Big Mac, little wage: Fast-food workers deserve a break today

Share with others:


Print Email Read Later

Workers at Wendy’s, McDonald’s and other fast-food chains are among the lowest paid in society. According to the Bureau of Labor Statistics, 195,000 workers in Pennsylvania were paid at or below the federal minimum wage in 2012 — $7.25 per hour. Since it hasn’t been raised since 2009, the wage has not kept pace with the cost of living.

This partly accounts for why Big Macs and other iconic, low-quality food is inexpensive. The highly profitable corporations have figured out how to get it to the most customers for as little as possible.

When fast-food workers push for more pay, the franchise holders and corporations that license to them say no. They argue that paying workers more would raise the price of their products.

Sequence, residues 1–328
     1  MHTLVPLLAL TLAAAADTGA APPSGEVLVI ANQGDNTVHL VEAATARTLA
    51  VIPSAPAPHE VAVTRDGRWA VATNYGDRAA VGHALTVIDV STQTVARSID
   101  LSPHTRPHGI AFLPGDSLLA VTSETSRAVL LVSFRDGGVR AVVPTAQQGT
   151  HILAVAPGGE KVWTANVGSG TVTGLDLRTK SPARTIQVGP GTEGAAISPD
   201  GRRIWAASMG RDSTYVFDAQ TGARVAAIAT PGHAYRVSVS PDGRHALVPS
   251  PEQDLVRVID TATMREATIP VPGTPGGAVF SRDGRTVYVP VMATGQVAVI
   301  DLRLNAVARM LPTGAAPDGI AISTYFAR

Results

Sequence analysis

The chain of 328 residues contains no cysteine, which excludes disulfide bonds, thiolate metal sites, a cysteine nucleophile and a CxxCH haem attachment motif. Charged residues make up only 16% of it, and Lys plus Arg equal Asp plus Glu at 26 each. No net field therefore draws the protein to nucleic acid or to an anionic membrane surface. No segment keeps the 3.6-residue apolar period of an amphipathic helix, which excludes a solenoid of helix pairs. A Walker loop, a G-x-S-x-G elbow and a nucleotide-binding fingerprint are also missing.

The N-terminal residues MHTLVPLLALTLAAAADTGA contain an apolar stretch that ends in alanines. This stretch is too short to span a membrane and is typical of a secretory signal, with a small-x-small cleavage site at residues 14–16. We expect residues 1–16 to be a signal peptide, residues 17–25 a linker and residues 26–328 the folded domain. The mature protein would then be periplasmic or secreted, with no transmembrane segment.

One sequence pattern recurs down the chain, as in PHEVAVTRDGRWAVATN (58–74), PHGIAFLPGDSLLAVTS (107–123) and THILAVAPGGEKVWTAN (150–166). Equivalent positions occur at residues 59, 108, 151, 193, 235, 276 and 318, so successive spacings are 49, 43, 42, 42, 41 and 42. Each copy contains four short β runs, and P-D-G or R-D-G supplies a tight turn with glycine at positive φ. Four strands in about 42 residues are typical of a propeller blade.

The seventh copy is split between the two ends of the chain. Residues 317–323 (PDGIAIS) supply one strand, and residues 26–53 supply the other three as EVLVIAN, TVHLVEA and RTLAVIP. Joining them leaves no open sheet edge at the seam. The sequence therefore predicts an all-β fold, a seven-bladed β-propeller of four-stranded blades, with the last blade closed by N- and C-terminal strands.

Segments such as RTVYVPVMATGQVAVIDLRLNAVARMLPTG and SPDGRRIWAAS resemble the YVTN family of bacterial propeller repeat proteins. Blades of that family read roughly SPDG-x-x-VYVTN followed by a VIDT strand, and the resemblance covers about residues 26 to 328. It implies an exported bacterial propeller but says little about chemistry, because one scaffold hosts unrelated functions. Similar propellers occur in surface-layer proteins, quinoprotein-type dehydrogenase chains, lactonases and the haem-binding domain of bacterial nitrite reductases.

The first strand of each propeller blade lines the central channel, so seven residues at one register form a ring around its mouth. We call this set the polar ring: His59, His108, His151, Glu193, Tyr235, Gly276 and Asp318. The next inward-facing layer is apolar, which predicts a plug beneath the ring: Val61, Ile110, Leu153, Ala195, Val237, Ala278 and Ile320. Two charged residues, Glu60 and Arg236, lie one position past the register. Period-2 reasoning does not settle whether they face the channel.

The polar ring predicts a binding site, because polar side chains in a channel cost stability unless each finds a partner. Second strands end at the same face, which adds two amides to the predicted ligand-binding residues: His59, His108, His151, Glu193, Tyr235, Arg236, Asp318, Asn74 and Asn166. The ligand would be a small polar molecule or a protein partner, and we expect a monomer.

Recently, fast-food employees across the country have begun to protest their low pay by organizing one-day strikes. Last Thursday, demonstrations broke out at McDonald’s, Dunkin’ Donuts and Wendy’s restaurants Downtown and on the North Side. The events were organized by OnePittsburgh, which is working with the Service Employees International Union.

Congress should raise the minimum wage, but until that day comes fast-food workers deserve better from their bosses. If that increases the price of a Big Mac, so be it. But we’re willing to bet Americans won’t even notice.


Join the conversation:

Commenting policy | How to report abuse
To report inappropriate comments, abuse and/or repeat offenders, please send an email to socialmedia@post-gazette.com and include a link to the article and a copy of the comment. Your report will be reviewed in a timely manner. Thank you.
Commenting policy | How to report abuse

Advertisement
Advertisement
Advertisement

You have 2 remaining free articles this month

Try unlimited digital access

If you are an existing subscriber,
link your account for free access. Start here

You’ve reached the limit of free articles this month.

To continue unlimited reading

If you are an existing subscriber,
link your account for free access. Start here